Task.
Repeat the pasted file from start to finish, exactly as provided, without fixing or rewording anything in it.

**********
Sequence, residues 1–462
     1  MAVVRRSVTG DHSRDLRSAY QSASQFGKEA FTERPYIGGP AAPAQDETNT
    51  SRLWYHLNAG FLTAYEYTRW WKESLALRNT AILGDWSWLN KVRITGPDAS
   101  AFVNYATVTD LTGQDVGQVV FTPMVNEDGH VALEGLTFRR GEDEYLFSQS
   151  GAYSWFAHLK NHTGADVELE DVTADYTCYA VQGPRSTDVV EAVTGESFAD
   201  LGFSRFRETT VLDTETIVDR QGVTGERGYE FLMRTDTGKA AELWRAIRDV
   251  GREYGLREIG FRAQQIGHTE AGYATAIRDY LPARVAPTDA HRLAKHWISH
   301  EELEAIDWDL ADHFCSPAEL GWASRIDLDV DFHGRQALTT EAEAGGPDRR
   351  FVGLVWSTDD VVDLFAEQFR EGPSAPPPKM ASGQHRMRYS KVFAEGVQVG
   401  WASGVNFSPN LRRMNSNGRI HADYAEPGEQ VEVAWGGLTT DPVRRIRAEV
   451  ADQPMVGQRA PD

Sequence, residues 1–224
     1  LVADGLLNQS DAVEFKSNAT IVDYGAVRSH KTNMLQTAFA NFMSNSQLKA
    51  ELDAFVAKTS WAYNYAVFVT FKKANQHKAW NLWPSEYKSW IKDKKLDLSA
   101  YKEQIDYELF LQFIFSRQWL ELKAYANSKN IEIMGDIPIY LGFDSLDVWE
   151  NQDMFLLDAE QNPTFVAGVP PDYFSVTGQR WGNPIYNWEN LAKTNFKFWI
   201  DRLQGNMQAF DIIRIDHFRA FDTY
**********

Sequence, residues 1–462
     1  MAVVRRSVTG DHSRDLRSAY QSASQFGKEA FTERPYIGGP AAPAQDETNT
    51  SRLWYHLNAG FLTAYEYTRW WKESLALRNT AILGDWSWLN KVRITGPDAS
   101  AFVNYATVTD LTGQDVGQVV FTPMVNEDGH VALEGLTFRR GEDEYLFSQS
   151  GAYSWFAHLK NHTGADVELE DVTADYTCYA VQGPRSTDVV EAVTGESFAD
   201  LGFSRFRETT VLDTETIVDR QGVTGERGYE FLMRTDTGKA AELWRAIRDV
   251  GREYGLREIG FRAQQIGHTE AGYATAIRDY LPARVAPTDA HRLAKHWISH
   301  EELEAIDWDL ADHFCSPAEL GWASRIDLDV DFHGRQALTT EAEAGGPDRR
   351  FVGLVWSTDD VVDLFAEQFR EGPSAPPPKM ASGQHRMRYS KVFAEGVQVG
   401  WASGVNFSPN LRRMNSNGRI HADYAEPGEQ VEVAWGGLTT DPVRRIRAEV
   451  ADQPMVGQRA PD

Sequence, residues 1–224
     1  LVADGLLNQS DAVEFKSNAT IVDYGAVRSH KTNMLQTAFA NFMSNSQLKA
    51  ELDAFVAKTS WAYNYAVFVT FKKANQHKAW NLWPSEYKSW IKDKKLDLSA
   101  YKEQIDYELF LQFIFSRQWL ELKAYANSKN IEIMGDIPIY LGFDSLDVWE
   151  NQDMFLLDAE QNPTFVAGVP PDYFSVTGQR WGNPIYNWEN LAKTNFKFWI
   201  DRLQGNMQAF DIIRIDHFRA FDTY